[Follow-up (04-12-04): Here are the two sentences just prior to the above quote, in author Blood’s section about Reputation Building (at page 63) (emphasis added):



    By maintaining a weblog that is tightly focused on a particular subject, these weblog editors educate themselves by searching the Web daily for news and information pertinent to their area of expertise, exercising judgment in weighing the relevance or importance of what they find, and articulating their thoughts on links that they decide to include, either by summarizing the article or by analyzing the material presented.   It is what experts do, and this practice will speed anyone’s progress to that end.]

    When you Comment here about client-generation, I hope you’ll also express your feelings on what I call the “absentee weblogger” and lawyer reputation-building by proxy.
    Before ending, I must note that lexBlog offers a Guaranty, which is a very good sign of Kevin’s good faith belief in his product: “If at the end of six months you are not satisfied with lexBlog’s product or service, you may terminate our relationship and ask for the return of any portion of the payments you made to lexBlog which you believe is fair. No questions asked.”  Maybe we can dig up some useful examples of marketing success by lawyers with weblogs.  We need your input to do it.



    *key neg



  • Most “buzz” starts with people with a financial or emotional stake in the “next new thing,” and is then amplified in their own echo chambers.   Those who believe the buzz very often get stung.   As I’ve been opining here, no amount of cyber-smoke or number-mumbo-jumbo can cover up the fact that the jury is just starting to deliberate (and has almost no evidence to consider) on whether lawyers can effectively use weblogs to increase clientele and profits.  There are a lot of other good reasons to start weblogs, but income generation is not a realistic near-term goal for the vast majority of webloggers.  Thankyou, Carolyn [Elefant], for your cautious approach.

    1. [I]t’s foolhardy for anyone to gauge the marketing value of a weblog (or the professional qualities of its editor) by giving any significant credence to its “web traffic” figures, whether counted as “page hits” or “individual visitors”.  For weblog boosters to suggest otherwise seems — to me — to be very misleading.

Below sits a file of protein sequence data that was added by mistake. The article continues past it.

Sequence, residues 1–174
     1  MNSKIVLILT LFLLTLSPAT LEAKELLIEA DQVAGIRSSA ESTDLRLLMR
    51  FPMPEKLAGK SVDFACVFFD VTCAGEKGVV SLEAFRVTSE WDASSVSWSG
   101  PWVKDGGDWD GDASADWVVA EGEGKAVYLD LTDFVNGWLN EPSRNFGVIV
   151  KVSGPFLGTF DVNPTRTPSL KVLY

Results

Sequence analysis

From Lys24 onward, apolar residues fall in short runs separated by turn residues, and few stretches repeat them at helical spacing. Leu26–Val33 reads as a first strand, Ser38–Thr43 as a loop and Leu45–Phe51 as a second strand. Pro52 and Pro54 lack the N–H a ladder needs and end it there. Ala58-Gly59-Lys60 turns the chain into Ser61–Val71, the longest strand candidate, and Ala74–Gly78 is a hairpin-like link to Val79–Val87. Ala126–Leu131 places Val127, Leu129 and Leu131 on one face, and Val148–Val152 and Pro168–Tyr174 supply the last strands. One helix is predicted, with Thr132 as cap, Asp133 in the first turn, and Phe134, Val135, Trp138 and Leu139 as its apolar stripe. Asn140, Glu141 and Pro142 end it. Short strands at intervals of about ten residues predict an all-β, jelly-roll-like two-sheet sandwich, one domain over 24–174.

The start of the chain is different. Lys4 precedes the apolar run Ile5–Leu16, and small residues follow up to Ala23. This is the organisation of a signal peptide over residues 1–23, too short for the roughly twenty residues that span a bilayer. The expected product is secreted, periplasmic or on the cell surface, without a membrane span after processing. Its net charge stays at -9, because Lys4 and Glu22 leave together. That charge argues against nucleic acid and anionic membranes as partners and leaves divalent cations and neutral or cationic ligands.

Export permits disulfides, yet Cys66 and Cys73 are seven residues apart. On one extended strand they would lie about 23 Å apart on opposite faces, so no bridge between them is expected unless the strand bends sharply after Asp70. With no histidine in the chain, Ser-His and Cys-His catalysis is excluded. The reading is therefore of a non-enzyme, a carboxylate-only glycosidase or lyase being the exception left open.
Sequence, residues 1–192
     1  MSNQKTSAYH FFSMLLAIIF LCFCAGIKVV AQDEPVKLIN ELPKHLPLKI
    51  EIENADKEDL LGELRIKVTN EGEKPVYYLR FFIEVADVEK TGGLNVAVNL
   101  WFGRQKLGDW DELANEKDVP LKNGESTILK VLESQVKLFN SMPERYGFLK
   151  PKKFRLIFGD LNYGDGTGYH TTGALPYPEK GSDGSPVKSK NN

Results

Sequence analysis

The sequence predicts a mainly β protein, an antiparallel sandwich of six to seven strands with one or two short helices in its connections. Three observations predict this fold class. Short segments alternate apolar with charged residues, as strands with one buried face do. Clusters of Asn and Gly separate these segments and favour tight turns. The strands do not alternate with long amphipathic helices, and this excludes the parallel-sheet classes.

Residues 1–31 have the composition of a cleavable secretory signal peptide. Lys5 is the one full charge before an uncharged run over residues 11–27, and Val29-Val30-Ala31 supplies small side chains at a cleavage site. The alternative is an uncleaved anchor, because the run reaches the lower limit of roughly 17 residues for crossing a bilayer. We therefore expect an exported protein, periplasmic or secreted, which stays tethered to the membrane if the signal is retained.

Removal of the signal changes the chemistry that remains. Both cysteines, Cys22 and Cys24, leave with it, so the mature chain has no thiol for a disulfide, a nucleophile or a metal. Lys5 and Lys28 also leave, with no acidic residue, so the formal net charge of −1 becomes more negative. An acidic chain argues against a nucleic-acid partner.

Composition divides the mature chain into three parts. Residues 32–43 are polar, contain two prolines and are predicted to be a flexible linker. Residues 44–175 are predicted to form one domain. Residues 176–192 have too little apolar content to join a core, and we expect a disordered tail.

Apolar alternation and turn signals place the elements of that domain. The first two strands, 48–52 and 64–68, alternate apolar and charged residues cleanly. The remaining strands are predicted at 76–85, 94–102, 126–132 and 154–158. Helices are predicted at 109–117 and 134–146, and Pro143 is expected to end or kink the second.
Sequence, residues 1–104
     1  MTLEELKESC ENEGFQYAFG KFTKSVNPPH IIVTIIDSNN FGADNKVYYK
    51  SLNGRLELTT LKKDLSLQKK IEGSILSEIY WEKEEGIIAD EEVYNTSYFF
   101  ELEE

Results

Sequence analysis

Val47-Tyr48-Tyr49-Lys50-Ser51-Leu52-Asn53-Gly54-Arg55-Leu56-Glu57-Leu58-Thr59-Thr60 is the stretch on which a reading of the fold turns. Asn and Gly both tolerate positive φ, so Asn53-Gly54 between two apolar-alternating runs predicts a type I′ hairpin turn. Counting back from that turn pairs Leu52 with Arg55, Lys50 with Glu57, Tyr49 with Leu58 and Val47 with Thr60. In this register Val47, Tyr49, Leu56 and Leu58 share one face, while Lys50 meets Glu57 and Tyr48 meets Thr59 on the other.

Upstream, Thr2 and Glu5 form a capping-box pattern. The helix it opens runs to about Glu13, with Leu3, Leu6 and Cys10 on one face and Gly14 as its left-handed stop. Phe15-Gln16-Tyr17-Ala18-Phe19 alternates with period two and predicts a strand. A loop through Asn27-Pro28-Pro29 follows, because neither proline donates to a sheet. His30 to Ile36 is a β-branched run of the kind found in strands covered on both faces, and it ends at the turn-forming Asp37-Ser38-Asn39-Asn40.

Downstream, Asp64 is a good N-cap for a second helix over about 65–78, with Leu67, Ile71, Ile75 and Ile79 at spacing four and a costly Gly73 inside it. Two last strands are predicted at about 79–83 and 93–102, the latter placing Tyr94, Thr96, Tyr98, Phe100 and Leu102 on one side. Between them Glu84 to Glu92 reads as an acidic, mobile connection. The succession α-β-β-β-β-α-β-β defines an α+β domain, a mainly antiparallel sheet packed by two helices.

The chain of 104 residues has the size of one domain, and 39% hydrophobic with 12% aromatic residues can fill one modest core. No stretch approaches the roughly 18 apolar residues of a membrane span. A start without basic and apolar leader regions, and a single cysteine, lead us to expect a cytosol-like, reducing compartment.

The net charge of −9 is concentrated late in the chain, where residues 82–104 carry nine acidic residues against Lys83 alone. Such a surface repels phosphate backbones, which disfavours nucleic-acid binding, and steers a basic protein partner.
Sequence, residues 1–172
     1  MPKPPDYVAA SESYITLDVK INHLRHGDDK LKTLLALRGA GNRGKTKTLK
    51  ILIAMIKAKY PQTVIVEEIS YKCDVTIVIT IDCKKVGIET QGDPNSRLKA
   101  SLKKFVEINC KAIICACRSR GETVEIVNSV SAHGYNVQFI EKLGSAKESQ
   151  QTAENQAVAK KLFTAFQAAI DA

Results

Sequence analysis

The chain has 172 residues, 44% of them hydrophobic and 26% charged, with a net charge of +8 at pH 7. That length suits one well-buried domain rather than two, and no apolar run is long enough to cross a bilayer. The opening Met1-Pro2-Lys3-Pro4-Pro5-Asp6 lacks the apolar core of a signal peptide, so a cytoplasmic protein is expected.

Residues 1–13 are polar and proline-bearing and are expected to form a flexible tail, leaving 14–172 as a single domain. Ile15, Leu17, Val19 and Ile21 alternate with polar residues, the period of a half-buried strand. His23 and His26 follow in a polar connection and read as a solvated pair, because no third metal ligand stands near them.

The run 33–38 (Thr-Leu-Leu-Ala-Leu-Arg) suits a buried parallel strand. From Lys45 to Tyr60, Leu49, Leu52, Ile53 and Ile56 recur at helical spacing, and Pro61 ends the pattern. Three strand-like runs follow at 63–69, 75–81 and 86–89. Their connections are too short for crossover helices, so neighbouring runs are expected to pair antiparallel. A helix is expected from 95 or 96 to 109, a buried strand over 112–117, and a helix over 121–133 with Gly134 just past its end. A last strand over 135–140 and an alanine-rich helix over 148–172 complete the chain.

2. We need to be far less effusive in “selling” the importance  of weblogs as a marketing tool — at least until we can gauge whether the “visitors” are human and the humans are doing any buying.
    1. Despite my esteem for Jerry [Lawson] and Kevin, I must protest that the notion of creating content for weblogs — especially postings — threatens to turn weblogs into merely a marketing tool, as opposed to being a special, personal platform that is also a marketing tool.
    2. One final consumer advocate question:  If the lawyers who are the market for vended weblogs don’t have enough time to produce the weblog themselves, just where are they going to find the time to give competent and diligent service to the expected flood of new clients?
    1. I’ve never said they can’t possibly work to bring in clients — I’ve said that merely spouting the buzz about all the added “traffic” is inherently misleading without a lot of caveats, not only because no one knows what the traffic number signify, but because no one can even point to anecdotal evidence of a significant number of weblawg success stories for bringing in clients (as opposed to ambiguous page-hits).”
    2. As I suggested in my post about ghost-written weblogs, . . a weblawg that has most of the activities you prescribe done by someone other than the purported lawyer-author is in many ways misleading.

  • If You Link Them, They Will Come (we hope):  Kevin O’Keefe believes that topic-specific weblogs, with practical, Plain English advice, are the most likely to generate legal clients.  (Despite our exhausting Resource Pages, he doesn’t consider ethicalEsq to be more than a soapbox).  So, I’m gonna ask my weblogging colleagues to drop us a line. [Thanks Ernie for compiling this great list of links!!]